Spanking: What are the Potential Effects?

Updated 4 years ago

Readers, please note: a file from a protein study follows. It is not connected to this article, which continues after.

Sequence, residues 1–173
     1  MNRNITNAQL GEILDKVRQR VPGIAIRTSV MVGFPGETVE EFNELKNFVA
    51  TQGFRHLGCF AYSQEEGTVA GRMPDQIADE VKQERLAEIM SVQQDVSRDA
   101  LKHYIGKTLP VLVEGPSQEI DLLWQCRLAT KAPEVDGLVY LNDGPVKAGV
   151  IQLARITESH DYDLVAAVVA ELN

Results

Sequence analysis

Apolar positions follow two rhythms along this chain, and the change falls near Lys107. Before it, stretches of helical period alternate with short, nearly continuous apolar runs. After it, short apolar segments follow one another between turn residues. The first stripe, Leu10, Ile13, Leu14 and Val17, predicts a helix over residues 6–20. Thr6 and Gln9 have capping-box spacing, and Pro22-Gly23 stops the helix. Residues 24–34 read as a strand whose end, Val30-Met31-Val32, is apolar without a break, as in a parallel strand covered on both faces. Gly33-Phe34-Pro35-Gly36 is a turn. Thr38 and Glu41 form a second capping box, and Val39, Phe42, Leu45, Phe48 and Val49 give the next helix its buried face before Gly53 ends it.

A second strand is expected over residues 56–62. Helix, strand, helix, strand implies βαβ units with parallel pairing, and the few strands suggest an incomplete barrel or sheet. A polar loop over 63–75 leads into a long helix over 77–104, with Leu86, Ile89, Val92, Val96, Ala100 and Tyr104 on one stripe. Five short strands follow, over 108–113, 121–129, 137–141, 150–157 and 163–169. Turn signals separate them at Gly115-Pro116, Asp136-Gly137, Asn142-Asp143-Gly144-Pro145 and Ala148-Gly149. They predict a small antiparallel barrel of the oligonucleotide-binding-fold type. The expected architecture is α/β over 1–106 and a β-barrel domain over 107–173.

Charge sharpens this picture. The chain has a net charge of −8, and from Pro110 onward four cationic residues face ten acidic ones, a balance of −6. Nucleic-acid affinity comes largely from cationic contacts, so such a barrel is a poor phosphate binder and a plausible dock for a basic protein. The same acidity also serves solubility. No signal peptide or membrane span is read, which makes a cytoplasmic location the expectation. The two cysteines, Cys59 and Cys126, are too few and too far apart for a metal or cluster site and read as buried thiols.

By- Dr. David Prescott – Acadia HospitalThe Controversy Around Spanking: Arguments about the potential benefits and drawbacks of spanking as a means of child discipline have been ongoing for decades. Research shows that a majority of Americans do not oppose spanking as an occasional way of stopping undesirable behavior. And, most people agree that spanking can cross a line to where it constitutes physical abuse. However, answering the question of whether or not spanking truly causes problems in children has proven to be complex and difficult. Recent Research on Negative Effects of Spanking: A soon to be published study conducted at Tulane University examined the impact of spanking 3-year old children, following them until they were 5 years old. Results showed that children who were spanked more frequently at age 3 were more likely to show aggressive behaviors by age 5. The study was unique in that it attempted to sort out the impact of spanking from other potential factors which could cause aggression, such as levels of aggression/violence between parents, neglect by parents, or stress/depression in the mother. When the impact of these other factors was removed, it still appeared that children who were spanked frequently were more likely to be aggressive. Children who were spanked more than twice a month at age 3 were 50% more likely to commit aggressive acts at age 5. Researchers also found that the differences were not accounted for by children’s natural level of aggression. That is, it did not appear that children who were naturally more aggressive were simply more likely to be spanked. Are There Benefits to Spanking? Both research and surveys of parents show that the primary benefit associated with spanking is its immediate effect on undesirable behavior. Spanking is typically highly effective in getting an action to stop right away. The drawback cited by those opposed to spanking is that corporal punishment creates an environment where new learning is unlikely to occur. Stated another way, children who are spanked are typically at such a high level of emotional arousal that they are unlikely to learn more appropriate behaviors. It is only when emotions have calmed that learning “the right thing to do” can occur. What do Professionals Recommend? Most pediatricians and psychologists are in agreement that repeated use of spanking causes more harm than good. The American Academy of Pediatrics takes the following position: The American Academy of Pediatrics strongly opposes striking a child for any reason. If a spanking is spontaneous, parents should later explain calmly why they did it, the specific behavior that provoked it, and how angry they felt. They also might apologize to their child for their loss of control. This usually helps the youngster to understand and accept the spanking, and it models for the child how to remediate a wrong.What to Do Instead of Spanking? Psychologists and other health professionals have developed many techniques to help children learn more appropriate and desirable behaviors without using corporal punishment. Strategies such as using time out, rewarding positive behavior, and teaching non-aggressive ways of coping with anger and frustration have benefitted many parents and children. Many parenting books, as well as the web sites of the American Psychological Association, the American Academy of Pediatrics, and the American Academy of Child and Adolescent Psychiatry, offer guidance on these approaches. For more Information: American Psychological Association: www.apa.org/topicsAmerican Academy of Pediatrics: www.aap.orgAmerican Academy of Child and Adolescent Psychiatry: www.aacap.org


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